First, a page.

Anastasia’s response, together with the work made by the 22 over the two weeks of the fifth edition, is testament to what Andrew has set in motion, together with Hamish, and the support of Andrew’s family (their warmth and involvement made for quite the family affair).

She concludes, “It was wonderful how well all four of the teachers guided the group and complimented each other in their advice, addressing different sides of a whole. And challenging to put our best effort into our designs. The two weeks made me re-evaluate my whole perception of graphic design.”.

Add to this, the response by Australian designer Ella Egidy, who described her experience to me as “somewhat surreal” in a “city that feels like a rose-tinted, summer edition of Edinburgh, under the tutelage of four internationally renowned designers”. For Ella also, the experience and challenge was beyond expectation: “Throughout this process the tutors challenged our conventions and encouraged formal play. The two weeks felt like two years and simultaneously like two days. Under Andrew Howard, Hamish Muir, Catherine Griffiths and David Pearson the summer school became the base of a utopian studio environment and made you feel as though you did not want to leave.”.

Distance and remoteness offers a point of difference, and as with TypeSHED11 or typ gr ph c the compact workshop series — both are projects out of this studio — there is no easy escape.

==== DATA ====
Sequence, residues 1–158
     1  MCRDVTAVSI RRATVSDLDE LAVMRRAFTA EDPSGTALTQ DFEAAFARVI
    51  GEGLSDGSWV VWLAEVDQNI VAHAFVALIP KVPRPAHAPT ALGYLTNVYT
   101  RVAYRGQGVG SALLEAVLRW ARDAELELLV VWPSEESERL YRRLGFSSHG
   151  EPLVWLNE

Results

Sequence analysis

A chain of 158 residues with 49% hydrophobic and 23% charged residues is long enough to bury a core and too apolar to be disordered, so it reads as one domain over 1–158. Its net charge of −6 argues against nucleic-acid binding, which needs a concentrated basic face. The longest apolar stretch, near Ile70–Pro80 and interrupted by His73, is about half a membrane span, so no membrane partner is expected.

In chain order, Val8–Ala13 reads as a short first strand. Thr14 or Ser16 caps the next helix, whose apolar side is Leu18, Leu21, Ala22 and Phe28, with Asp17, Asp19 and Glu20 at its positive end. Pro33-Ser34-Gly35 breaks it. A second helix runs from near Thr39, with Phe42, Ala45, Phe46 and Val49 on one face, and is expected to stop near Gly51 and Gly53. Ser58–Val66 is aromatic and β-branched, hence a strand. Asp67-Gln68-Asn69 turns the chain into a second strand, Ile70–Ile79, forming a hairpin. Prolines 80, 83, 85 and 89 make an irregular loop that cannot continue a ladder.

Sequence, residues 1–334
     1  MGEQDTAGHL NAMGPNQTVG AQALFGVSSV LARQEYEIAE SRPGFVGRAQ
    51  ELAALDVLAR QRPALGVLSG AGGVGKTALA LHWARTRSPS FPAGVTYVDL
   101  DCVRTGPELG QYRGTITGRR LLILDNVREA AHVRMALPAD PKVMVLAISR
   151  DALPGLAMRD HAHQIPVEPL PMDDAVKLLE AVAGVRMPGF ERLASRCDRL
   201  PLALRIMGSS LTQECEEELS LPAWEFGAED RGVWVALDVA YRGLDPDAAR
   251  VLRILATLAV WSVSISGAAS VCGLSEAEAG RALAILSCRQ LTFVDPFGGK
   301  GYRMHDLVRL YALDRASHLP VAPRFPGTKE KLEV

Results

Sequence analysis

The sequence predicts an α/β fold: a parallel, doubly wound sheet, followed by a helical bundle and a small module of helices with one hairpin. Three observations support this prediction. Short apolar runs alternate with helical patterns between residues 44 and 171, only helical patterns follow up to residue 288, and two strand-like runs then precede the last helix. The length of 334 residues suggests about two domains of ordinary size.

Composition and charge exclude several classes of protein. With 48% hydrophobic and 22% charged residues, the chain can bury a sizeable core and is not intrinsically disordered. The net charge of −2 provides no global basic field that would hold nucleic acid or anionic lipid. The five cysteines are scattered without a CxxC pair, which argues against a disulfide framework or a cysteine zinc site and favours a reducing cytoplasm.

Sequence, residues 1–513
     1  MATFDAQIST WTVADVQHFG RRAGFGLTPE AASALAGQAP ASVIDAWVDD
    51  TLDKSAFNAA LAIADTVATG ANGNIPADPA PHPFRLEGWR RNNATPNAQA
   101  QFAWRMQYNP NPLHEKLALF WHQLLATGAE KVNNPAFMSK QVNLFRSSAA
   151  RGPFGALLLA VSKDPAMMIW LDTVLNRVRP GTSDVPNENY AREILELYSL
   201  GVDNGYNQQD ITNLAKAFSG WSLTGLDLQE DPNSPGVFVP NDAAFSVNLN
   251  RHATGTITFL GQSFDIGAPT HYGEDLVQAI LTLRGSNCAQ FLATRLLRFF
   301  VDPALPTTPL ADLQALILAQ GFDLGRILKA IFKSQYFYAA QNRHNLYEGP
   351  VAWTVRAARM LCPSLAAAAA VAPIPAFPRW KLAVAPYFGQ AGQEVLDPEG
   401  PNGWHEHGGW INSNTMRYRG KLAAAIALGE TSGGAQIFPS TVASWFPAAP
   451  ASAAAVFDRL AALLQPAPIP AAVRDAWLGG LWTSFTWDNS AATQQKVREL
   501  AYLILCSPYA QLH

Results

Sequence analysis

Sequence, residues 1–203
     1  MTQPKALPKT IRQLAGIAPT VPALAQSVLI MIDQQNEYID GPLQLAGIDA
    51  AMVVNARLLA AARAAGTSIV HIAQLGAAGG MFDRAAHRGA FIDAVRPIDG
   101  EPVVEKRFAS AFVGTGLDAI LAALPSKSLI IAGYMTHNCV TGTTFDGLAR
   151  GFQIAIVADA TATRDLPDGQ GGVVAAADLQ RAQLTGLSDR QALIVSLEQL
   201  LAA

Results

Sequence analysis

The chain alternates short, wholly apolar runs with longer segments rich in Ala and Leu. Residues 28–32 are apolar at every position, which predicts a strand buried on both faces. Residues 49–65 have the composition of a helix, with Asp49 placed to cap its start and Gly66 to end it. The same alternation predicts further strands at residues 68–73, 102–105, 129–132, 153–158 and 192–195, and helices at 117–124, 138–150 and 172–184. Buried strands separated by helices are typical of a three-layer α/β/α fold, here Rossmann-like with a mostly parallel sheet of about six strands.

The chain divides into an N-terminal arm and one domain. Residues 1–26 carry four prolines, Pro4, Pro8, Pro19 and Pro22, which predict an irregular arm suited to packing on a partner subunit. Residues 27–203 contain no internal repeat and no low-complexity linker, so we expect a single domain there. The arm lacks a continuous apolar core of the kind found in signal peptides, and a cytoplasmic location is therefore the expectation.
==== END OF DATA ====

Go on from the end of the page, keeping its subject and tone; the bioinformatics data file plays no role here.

certificates / Hamish Muir

 

In her contribution to the ABDA Blog, Porto Summer School: A FORMative experience, Ella expands on the notion of worth doing, a thread that, for her, underpinned the value of her encounters with the tutors and their respective practices: “Design is deeply affected by our society and doing something for good or ill is a socially transformative act. It is crucial that we remain engaged with this thought if we are to make work that is worth doing.”

To wander away with that contemplation in mind, is well worth having done, as noted in Andrew’s closing remarks, “A truly great edition of the summer school came to an end on Saturday. A huge thanks to all the participants for being so dedicated and for the memorable spirit of friendship that permeated this year’s course. An extra gratitude to Hamish Muir, Catherine Griffiths and David Pearson for their commitment and wisdom.”.

And not only. A few months later, out of the blue, an invitation to exhibit and speak at the Shanghai Art & Design Exhibition arrived via Zhihua Daun, one of our summer school students. Zhihua assisted me in the preparation of my installation, Work/Space, and hosted me in his own country that December. Between Porto and Shanghai, I felt the exchange of goodwill and generosity accompanied by an energy and drive to really make things happen.

Below is a glimpse into the two-week summer school atmosphere, and the project — a perfect formation, numerically. The 22 participants worked in two groups of 11 to reinterpret Italo Calvino’s Invisible Cities. The core structure of the book was divided into 11 themes, 55 cities with a dialogue threaded through. Each participant was allocated five cities, one theme, and format-wise, one of three widths, and any height within certain parameters. Each of the final works were inserted in sequence to form two versions of the book, each with 11 covers.